providing a plurality of game controllers in communication with a game server, each game controller being configured to transmit command data to the game server to control one of the avatars in the multi-player game;

receiving at the game server command data corresponding to an avatar identification request of the avatar corresponding to one of the plurality of game controllers;

displaying an enhanced visual representation of the avatar on the display in response to the avatar identification request; and

providing a sensory output from the one game controller to a player manipulating the one game controller substantially simultaneously with the display of the enhanced visual representation.

The sensory output may be one or more of auditory, vibratory or visual output. In order to provide such sensory output, each of the game controllers preferably comprises a speaker, vibration generator and display screen. Preferably the sensory output of each game controller comprises a unique output sequence or pattern.

A further aspect of the invention relates to a an entertainment system comprising:

a game server configured to process a multi-player game and provide display signals for displaying the multi-player game;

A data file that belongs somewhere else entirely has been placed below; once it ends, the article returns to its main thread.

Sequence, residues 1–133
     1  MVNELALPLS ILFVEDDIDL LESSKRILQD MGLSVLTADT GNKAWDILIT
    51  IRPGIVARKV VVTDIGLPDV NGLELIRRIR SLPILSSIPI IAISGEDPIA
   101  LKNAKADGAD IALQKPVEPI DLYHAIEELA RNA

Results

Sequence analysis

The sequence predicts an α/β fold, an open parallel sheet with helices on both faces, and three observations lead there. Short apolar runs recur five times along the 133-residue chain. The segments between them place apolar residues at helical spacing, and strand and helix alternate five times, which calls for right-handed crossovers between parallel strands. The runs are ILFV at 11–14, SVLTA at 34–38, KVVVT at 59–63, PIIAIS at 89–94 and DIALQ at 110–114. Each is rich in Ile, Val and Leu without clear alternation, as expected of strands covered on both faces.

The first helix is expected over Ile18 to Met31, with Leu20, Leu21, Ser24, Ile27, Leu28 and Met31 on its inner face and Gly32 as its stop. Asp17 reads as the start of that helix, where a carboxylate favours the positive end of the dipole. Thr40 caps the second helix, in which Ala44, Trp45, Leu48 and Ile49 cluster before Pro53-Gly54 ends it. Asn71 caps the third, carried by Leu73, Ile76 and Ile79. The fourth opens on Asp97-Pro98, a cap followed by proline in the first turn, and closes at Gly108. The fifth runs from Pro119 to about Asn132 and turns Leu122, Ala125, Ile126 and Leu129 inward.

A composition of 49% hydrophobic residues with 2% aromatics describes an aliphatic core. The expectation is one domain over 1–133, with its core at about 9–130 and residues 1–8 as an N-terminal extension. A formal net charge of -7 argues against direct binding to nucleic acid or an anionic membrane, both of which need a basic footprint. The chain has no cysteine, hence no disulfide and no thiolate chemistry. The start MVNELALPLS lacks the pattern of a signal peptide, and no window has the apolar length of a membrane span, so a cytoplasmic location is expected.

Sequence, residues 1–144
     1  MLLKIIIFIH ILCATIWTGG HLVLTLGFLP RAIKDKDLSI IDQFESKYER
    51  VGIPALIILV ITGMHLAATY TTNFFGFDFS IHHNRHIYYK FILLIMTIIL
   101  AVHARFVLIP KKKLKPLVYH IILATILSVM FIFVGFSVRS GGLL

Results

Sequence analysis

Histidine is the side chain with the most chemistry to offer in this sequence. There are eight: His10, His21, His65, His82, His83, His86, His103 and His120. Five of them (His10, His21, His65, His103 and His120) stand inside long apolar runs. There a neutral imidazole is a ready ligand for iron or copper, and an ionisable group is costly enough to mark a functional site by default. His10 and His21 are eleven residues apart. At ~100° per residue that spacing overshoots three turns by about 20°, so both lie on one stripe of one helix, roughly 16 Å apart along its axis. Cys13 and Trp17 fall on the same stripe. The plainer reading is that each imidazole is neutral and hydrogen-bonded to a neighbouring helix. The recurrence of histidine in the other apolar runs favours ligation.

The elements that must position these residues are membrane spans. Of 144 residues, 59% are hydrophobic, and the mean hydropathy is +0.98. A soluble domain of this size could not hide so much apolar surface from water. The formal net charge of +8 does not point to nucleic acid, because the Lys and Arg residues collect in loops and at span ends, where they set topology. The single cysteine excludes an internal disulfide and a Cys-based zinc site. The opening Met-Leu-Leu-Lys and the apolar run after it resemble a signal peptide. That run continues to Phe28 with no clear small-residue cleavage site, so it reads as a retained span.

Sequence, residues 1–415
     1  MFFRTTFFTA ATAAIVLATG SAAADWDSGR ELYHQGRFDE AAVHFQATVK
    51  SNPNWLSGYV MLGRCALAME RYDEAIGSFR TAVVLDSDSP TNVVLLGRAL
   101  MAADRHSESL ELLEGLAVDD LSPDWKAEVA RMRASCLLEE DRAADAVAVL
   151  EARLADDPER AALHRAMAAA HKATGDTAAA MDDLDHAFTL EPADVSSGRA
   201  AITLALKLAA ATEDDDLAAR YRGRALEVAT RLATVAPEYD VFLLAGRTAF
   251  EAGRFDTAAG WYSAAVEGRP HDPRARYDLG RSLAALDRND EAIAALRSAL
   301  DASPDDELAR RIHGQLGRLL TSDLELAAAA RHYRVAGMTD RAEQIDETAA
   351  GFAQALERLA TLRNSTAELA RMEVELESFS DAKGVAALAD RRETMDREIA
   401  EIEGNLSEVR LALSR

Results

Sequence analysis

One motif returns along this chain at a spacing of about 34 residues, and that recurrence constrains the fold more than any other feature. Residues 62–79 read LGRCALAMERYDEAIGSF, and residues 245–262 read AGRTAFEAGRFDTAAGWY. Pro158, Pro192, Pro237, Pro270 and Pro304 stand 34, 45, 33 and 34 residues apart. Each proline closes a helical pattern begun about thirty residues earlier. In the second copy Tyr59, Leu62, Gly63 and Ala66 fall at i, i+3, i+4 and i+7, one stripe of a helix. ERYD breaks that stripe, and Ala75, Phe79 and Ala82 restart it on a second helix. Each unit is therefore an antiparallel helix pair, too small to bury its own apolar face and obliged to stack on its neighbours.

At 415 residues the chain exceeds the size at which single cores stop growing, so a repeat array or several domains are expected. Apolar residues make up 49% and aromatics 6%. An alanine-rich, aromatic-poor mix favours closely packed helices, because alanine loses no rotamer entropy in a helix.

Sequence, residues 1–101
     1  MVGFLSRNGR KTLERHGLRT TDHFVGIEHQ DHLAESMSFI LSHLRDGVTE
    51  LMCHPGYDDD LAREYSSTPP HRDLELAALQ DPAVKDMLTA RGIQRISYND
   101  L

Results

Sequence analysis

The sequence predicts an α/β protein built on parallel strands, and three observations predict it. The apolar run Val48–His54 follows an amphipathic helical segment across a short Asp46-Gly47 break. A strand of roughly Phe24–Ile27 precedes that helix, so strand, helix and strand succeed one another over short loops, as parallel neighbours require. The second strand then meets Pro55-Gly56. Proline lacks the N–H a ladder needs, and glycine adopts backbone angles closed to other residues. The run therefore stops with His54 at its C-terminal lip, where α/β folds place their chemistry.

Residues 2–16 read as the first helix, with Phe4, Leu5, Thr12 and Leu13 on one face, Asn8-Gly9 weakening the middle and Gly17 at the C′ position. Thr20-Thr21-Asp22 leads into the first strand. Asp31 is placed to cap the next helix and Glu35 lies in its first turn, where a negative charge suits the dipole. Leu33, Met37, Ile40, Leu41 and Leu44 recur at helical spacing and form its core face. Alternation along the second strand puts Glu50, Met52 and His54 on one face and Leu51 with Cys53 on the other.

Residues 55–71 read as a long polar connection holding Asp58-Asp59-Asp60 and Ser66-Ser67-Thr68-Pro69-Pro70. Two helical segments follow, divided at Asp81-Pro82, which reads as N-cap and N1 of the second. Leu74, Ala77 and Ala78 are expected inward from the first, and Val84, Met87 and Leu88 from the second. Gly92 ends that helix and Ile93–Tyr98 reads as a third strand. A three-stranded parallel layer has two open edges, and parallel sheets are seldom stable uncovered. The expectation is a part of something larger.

a display system having primary display means for providing a primary display of the multi-player game in response to the display signals;

a plurality of game controllers, each game controller having processing means, secondary display means for providing a secondary display, and player input means; and

communication means for enabling communication between the game server and the game controllers;

wherein the processing means of each game controller is configured to operate in a multi-player game mode, in which a player manipulating the player input means of the game controller controls an avatar on the primary display and the secondary display means provides a display related to play of the multi-player game, or to operate in a single player activity mode, in which the player conducts a single-player activity on the game controller and the secondary display means provides a display of the single player activity.

In one embodiment, the single-player activity is a single-player game directly related to the multi-player game. Alternatively, the single-player activity may be a game unrelated to the multi-player game or it may be an activity other than a game, such as browsing Internet or intranet sites. In one embodiment, the single player activity may be a pre-qualification game for enabling the player to qualify for participation in the multi-player game.